Scottish National Dictionary (1700–)

Hide Quotations Hide Etymology Cite this entry

MEIL, n. Also meill, meile; miel, meel; meal, mail. [mel] An I.Sc. measure of weight for dry ingredients, as corn and malt, = 6 Lispunds or Settens, q.v. The measure varied from place to place and time to time and according as the bear- or malt-pundlar was used, but was gradually increased in the 18th c. from about 9 to 15 stones avoirdupois. Now only hist. Ork. 1715  in H. Marwick Merchant Lairds (1936) I. 54:
Wee should buy for him two hundred meils of meall and ane hunder meils malt — the pryces he offers is 3 lb 13/- for meall and malt.
Ork. 1730  B. H. Hossack Kirkwall (1900) 408:
The Standart of the Malt-pundar Meil consisting of six of these Setteens, seventy-two libs. and no more.
I.Sc. 1779  J. Swinton Weights, etc. 106–7:
The chalder of Bear, in Orkney, being 24 Meils on the Malt-pundlar, and 36 on the Bear-pundlar. . . . The above Meil on the Malt-pundlar = 195.7836 lb. avoird. [Ork.] . . . = 182.7318 lb. avoird. [Sh.]
Ork. 1795  Stat. Acc.1 V. 412:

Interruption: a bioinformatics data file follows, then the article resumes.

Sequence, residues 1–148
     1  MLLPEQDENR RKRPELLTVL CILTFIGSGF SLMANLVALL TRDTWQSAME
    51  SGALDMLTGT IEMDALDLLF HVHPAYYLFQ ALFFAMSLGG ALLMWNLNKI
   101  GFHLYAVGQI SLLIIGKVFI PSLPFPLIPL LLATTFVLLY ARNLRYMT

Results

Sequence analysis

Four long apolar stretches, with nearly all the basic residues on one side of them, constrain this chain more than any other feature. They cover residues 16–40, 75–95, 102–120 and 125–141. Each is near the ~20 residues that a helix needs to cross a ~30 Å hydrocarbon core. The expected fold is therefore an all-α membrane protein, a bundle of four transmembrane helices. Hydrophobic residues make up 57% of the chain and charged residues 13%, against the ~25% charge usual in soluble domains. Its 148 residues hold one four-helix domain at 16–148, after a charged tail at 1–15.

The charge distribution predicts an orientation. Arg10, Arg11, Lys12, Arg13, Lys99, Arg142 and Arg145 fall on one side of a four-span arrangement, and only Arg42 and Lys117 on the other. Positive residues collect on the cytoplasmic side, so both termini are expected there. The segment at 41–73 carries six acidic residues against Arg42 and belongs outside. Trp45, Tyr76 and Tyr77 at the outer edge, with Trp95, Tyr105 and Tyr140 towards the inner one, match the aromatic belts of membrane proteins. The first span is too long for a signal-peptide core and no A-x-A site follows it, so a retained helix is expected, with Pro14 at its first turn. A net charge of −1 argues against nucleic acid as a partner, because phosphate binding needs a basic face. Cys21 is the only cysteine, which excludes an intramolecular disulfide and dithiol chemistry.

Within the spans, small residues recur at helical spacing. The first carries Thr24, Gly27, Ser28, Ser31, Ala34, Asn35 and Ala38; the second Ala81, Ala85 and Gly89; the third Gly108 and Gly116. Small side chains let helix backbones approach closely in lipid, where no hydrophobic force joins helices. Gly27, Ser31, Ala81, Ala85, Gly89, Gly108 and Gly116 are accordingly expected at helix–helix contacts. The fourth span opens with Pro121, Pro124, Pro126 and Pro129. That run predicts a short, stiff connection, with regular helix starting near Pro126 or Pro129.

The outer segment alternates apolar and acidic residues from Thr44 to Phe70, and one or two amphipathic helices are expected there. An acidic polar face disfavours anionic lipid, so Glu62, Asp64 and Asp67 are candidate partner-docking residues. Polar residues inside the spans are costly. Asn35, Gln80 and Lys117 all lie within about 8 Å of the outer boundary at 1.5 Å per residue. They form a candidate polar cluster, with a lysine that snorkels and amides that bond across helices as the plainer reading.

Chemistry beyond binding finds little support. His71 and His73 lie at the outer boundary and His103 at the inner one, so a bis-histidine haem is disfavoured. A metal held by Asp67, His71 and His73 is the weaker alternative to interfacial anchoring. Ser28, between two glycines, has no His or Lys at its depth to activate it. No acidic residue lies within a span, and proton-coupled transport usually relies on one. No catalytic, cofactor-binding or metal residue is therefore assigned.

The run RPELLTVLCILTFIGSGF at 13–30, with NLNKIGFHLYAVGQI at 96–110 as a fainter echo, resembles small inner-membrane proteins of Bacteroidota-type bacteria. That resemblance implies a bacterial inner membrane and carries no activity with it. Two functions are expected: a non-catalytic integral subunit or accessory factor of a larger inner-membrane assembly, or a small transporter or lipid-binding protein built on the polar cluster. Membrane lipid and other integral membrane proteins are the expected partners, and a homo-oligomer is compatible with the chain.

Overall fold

The stipend consists of 86 mails malt, (each mail weighing about 12 stones Amsterdam weight).
Ork. 1845  Stat. Acc.2 XV. 182:
The “meil”, which is nearly 11¼ stones Dutch, or 14¼ imperial.

Hence combs. 1. meal scoup, meils cop, a land division in Ork. (see quots. and Marwick op. cit.). Hist.; 2. miels-kaesie (see quot.) 1. Ork. 1868  D. Gorrie Orkneys 22–3:
Westray is divided into penny and farthing-lands, with the exception of one township which is divided into meal scoups, a corruption of the Norse mæliscop, equal, it is supposed, to one-sixth of a pennyland.
Ork. 1952  H. Marwick Farm-Names 203:
Two other land-valuation units — the “meils cop” and the “uris cop” — are of much more obscure origin, neither being known in Norway, and in Orkney curiously enough their use seems to be on record from one island only — Westray. “Cop” in these terms certainly represents O.N. kaup, purchase or bargain.
2. Ork. 1905  Orcadian Papers (Charleson) 38:
The miels-kaesie derived its name from the fact that it was intended to hold a miel, that is a certain weight of bere.

[Norw. mæle, a measure equivalent to part of a barrel which varied in size according to the locality, O.N. mælir. O.Sc. mele, id., from 1560.]

You may wish to vary the format shown below depending on the citation style used.

"Meil n.". Dictionary of the Scots Language. 2004. Scottish Language Dictionaries Ltd. Accessed 11 Dec 2017 <http://www.dsl.ac.uk/entry/snd/meil>

16051

snd

Try an Advanced Search

Browse SND:

Browse Up
    Loading...
Browse Down

Share: